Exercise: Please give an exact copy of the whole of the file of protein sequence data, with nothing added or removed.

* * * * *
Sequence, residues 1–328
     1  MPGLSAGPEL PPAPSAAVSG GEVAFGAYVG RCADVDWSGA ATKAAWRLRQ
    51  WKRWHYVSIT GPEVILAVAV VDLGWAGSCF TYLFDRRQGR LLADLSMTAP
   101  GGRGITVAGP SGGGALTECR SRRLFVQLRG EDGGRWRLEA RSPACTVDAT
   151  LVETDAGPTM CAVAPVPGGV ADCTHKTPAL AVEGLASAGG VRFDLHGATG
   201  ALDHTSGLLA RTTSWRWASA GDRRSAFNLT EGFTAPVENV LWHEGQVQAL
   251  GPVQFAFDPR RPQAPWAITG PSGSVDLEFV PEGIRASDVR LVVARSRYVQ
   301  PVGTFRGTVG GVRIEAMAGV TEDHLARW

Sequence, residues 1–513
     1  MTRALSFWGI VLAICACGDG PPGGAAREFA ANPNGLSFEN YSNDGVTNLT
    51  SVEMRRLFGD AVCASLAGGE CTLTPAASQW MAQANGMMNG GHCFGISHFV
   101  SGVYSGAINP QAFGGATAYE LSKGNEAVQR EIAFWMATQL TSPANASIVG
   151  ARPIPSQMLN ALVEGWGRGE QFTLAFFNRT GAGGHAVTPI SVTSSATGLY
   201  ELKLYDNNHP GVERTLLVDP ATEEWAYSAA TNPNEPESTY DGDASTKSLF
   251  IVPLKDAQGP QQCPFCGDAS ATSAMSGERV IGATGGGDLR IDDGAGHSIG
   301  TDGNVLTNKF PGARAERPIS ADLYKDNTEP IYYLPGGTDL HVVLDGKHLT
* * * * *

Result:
Sequence, residues 1–328
     1  MPGLSAGPEL PPAPSAAVSG GEVAFGAYVG RCADVDWSGA ATKAAWRLRQ
    51  WKRWHYVSIT GPEVILAVAV VDLGWAGSCF TYLFDRRQGR LLADLSMTAP
   101  GGRGITVAGP SGGGALTECR SRRLFVQLRG EDGGRWRLEA RSPACTVDAT
   151  LVETDAGPTM CAVAPVPGGV ADCTHKTPAL AVEGLASAGG VRFDLHGATG
   201  ALDHTSGLLA RTTSWRWASA GDRRSAFNLT EGFTAPVENV LWHEGQVQAL
   251  GPVQFAFDPR RPQAPWAITG PSGSVDLEFV PEGIRASDVR LVVARSRYVQ
   301  PVGTFRGTVG GVRIEAMAGV TEDHLARW

Sequence, residues 1–513
     1  MTRALSFWGI VLAICACGDG PPGGAAREFA ANPNGLSFEN YSNDGVTNLT
    51  SVEMRRLFGD AVCASLAGGE CTLTPAASQW MAQANGMMNG GHCFGISHFV
   101  SGVYSGAINP QAFGGATAYE LSKGNEAVQR EIAFWMATQL TSPANASIVG
   151  ARPIPSQMLN ALVEGWGRGE QFTLAFFNRT GAGGHAVTPI SVTSSATGLY
   201  ELKLYDNNHP GVERTLLVDP ATEEWAYSAA TNPNEPESTY DGDASTKSLF
   251  IVPLKDAQGP QQCPFCGDAS ATSAMSGERV IGATGGGDLR IDDGAGHSIG
   301  TDGNVLTNKF PGARAERPIS ADLYKDNTEP IYYLPGGTDL HVVLDGKHLT